COPYCENSE

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Copycense on Twitter

Yes, we’re even more shocked than you are that we’ve (a) set up a Twitter account; and (b) are actually using said account.

In truth, however, we have been mulling the editorial direction of Copycense for some time. (i.e. Do we still do news, since so many others do it? Do we continue with pithy short posts? Do we devote our time to longer posts like the Girl Talk article?)

It turns out we actually find some use for the Twitter approach. (And no, Oprah’s embrace had absolutely nothing to do with our decision.)

Lo, verily, and thus, we are going to migrate our short news posts to our Twitter presence for the time being. This will allow us to reserve this space for longer, more expansive works.

Copycense is on Twitter at http://twitter.com/copycense. (And yes, if you know anything about Copycense, you will realize the avatar is totally tongue-in-cheek.)

Written by Copycense Editorial

04/17/2009 at 10:00

Posted in Web & Online

The Downside of Downloads

CommuniK Commentary by K. Matthew Dames

The news cycle has been abuzz about digital music and iTunes‘ ascendance to a position as the country’s leading music retailer. Likewise, the mainstream press has continued to feed its desire for an iTunes-Amazon.com octagon-style retail death match, and steadily has been promoting Amazon.com’s mp3 download service as a worthy challenger to the iTunes hegemony.

(The music labels, long irritated with Steve Jobs‘ control of the legal download market, silently would approve of such a challenge.)

We don’t see what the big deal is. There are several problems with music downloads, and none of them have anything to do with three-letter acronyms that purport to “protect” the underlying content. The primary problem with downloaded music is that it sucks.

Read the rest of this entry »

Written by Copycense Editorial

04/08/2008 at 07:59

Posted in Web & Online

Yahoo Pulls Its Music Subscription Service

“The [music subscription] services also have to overcome a conceptual hurdle with many consumers. Most music fans want something tangible when they buy songs. Subscription services, however, are like cable TV: They sell access to entertainment, not packaged goods. And like cable, they’re not easily portable, which is a real problem when it comes to playing music in a car. It would be a different matter if people were continuously connected to the Net and could hear any song they wished, anywhere, any time. But in the current circumstances, music subscriptions work best as ways to sample music — not as a substitute for buying it.”Jon Healey.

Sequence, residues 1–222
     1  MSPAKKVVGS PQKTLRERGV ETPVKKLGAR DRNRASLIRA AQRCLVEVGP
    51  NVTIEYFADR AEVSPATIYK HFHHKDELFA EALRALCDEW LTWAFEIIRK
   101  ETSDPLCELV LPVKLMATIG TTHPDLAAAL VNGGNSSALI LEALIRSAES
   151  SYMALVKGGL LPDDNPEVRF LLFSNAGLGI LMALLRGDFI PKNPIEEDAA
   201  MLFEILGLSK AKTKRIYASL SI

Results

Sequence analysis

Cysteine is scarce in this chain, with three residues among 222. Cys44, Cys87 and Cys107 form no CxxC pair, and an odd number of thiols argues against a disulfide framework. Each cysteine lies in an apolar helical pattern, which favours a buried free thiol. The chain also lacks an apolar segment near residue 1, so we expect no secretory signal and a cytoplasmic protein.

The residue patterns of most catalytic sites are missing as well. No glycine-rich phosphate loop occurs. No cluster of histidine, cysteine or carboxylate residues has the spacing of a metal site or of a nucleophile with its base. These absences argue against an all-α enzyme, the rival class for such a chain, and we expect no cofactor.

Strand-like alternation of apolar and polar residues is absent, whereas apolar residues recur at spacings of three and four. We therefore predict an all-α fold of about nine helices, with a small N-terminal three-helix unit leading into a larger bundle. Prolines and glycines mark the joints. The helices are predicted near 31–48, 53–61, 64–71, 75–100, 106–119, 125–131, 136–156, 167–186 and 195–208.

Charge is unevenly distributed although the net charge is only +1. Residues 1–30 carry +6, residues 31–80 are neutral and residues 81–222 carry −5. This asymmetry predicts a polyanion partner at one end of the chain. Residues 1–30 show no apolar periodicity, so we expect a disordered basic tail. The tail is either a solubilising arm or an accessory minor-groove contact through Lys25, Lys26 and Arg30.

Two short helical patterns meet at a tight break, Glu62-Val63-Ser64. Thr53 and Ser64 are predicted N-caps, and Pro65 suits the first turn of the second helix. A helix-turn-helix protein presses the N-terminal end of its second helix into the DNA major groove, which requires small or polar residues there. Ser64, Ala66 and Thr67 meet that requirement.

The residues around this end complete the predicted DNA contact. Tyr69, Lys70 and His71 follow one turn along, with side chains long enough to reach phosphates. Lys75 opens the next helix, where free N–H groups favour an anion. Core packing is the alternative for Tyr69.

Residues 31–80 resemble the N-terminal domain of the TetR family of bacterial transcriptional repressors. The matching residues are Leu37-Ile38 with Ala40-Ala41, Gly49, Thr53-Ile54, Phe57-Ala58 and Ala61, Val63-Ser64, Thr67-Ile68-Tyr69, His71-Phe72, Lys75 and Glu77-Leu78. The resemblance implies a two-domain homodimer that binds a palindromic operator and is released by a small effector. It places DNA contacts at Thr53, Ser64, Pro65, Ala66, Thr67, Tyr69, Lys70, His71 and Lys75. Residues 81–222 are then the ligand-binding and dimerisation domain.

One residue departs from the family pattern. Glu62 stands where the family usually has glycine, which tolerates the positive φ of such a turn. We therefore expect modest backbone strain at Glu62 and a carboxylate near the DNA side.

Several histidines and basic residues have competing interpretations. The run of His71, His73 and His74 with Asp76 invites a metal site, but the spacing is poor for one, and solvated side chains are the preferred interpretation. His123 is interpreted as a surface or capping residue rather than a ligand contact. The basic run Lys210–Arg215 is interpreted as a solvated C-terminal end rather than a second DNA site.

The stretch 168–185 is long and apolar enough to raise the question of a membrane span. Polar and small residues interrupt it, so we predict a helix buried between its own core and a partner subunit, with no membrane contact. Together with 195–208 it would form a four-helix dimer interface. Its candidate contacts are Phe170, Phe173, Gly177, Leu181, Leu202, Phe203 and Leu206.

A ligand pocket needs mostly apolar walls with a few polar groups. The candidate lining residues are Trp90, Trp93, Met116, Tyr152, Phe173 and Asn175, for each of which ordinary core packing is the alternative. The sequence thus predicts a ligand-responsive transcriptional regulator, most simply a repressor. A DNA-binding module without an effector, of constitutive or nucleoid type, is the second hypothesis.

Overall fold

Jon Healey. If Yahoo can’t do it … LATimes.com. Feb. 4, 2008. Both a member of the Los Angeles Times editorial board and editor of the paper’s Bit Player blog, Healy asks whether subscription music services are a viable business model in light of Yahoo!’s announcement that it would end its subscription music service and support RealNetworks’ Rhapsody service. Since so many of us at the Cense are heavy music listeners and buyers, we can confirm Healy’s insights. Almost all of us choose to buy music on compact disc (then rip to iTunes) rather than buy music on iTunes or some other service. Not only do we get better sound quality when we buy and rip, we own something, which is important to us.

Copycense™: Incisive IP.

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Written by Copycense Editorial

02/06/2008 at 07:59

Posted in Web & Online

Canadian Lobbyists Discuss Copyright Reform

On Copyright Reform. (.mp3) The Ottawa Citizen sponsors an hour-long debate on copyright reform in Canada. Lots of shouting and interrupting, but may be worthwhile listening if you want to hear frustrated content industry discuss the state of their nation. Check out, however, Michael Geist’s analysis of this session, in which he contends Canadian Recording Industry Association president Graham Henderson and others give tacit support to ISP filtering, which AT&T reportedly is considering.

(Editor’s Note: Copycense editors originally commented on this article in Site Check 2.03.)

Copycense™: Incisive IP.

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Written by sesomedia

02/04/2008 at 08:57

Posted in Web & Online

Testing the DMCA “Safe Harbor”